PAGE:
Adenosarcoma || Types and Treatment


Adenosarcoma || Types and Treatment

Journal of Cancer Research and Immuno-Oncology is an open access rapid peer reviewed journal in the field of cancer research. Here we discuss about Adenosarcoma || Types and Treatment.

Adenosarcoma (also Mullerian Adenosarcoma) is a rare malignant tumor that occurs in women of all age groups, but most commonly post-menopause. Adenosarcoma arises from mesenchymal tissue and has a mixture of the tumoral components of an adenoma, a tumor of epithelial origin, and a sarcoma, a tumor originating from connective tissue. The adenoma, or epithelial component of the tumor, is benign, while the sarcomatous stroma is malignant. The most common site of adenosarcoma formation is the uterus, but it can also occur in the cervix and ovaries. It more rarely arises in the vagina and fallopian tubes as well as primary pelvic or peritoneal sites, such as the omentum, especially in those with a history of endometriosis. The rare cases of adenosarcoma outside the female genital tract usually occur in the liver, bladder, kidney, as well as the intestine and are typically associated with endometriosis.

Uterine Adenosarcoma

Uterine adenosarcoma are a subtype of uterine sarcomas. Uterine sarcomas account for 3 to 9 % of uterine cancers, and 5.5 to 9 % of uterine sarcomas are adenosarcomas. The most common presenting symptom is abnormal vaginal bleeding. Other symptoms include pelvic pain, abdominal mass, or vaginal discharge.  Uterine adenosarcoma commonly arise from the endometrium.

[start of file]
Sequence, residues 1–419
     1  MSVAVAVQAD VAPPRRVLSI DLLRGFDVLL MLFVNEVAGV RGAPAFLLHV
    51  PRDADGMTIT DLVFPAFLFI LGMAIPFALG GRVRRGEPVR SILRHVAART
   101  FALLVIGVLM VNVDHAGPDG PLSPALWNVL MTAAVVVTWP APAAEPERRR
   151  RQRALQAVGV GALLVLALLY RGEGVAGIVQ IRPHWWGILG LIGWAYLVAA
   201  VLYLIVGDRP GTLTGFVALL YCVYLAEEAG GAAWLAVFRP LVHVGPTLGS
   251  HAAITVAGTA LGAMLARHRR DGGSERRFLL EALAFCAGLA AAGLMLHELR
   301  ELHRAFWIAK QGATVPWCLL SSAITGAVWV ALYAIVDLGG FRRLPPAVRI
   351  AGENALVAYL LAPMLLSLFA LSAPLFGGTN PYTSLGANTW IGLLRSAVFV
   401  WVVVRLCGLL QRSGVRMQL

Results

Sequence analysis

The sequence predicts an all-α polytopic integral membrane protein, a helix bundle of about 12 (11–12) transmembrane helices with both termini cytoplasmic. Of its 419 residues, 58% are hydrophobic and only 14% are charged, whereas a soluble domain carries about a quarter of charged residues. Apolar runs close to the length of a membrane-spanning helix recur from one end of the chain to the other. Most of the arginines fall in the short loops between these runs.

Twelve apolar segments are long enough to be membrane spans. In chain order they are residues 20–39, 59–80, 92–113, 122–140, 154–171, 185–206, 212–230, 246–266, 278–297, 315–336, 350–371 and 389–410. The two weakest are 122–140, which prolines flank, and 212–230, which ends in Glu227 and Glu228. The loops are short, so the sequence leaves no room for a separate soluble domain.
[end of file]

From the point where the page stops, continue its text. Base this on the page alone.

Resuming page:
The standard care of treatment is total abdominal hysterectomy with bilateral salpingo-oophorectomy. Lymphadenectomy is usually not performed as the incidence of lymph node metastasis is rare. There is no standardized chemotherapy, hormone therapy, or radiation therapy. Because of the rarity of adenosarcoma, there is limited data to guide treatment decisions, particularly in regard to recurrent or metastatic tumors. Chemotherapy may be considered in patients with recurrence or tumors unable to be completely removed through surgery. It has been suggested that uterine adenosarcomas can respond to doxorubicin/ifosfamide and gemcitabine/docetaxel chemotherapy. The use of hormone therapy in recurrent or metastatic disease is limited to case reports.

Ovarian Adenosarcoma

Ovarian adenosarcoma is a very rare tumor effecting the ovaries. 97.5% of ovarian adenosarcomas are unilateral affecting only one ovary. It mainly affects women of reproductive age 30-84, with a mean age of 54. Symptoms of ovarian adenosarcoma include abdominal or pelvic pain and abdominal swelling. Tumor may present as adnexal mass 


Typically, ovarian adenosarcomas are surgically removed via salphingopherectomy or panhysterectomy. 67% of patients had tumor rupture at or before excision. There is no standardized chemotherapy, hormone therapy, or radiation therapy due to limited data 

Cervical Adenosarcoma

Cervical adenosarcoma is an extremely rare tumor that occurs most often in women of reproductive age. Typically, adenosarcoma found in the cervix is a result of extrauterine spreading of the tumor, though adenosarcoma can arise in the cervix. Symptoms of cervical adenosarcoma, like uterine adenosarcoma, are characterized by abnormal bleeding. 


Mainly consists of total abdominal hysterectomy, occasionally with additional radiotherapy and chemotherapy. Prognosis of cervical adenosarcoma is usually favorable, with metastasis and recurrence of the tumor being less common. As with uterine adenosarcoma, the depth of myometrial invasion determines the prognosis, with deeper invasion being associated with metastases and tumor recurrence.

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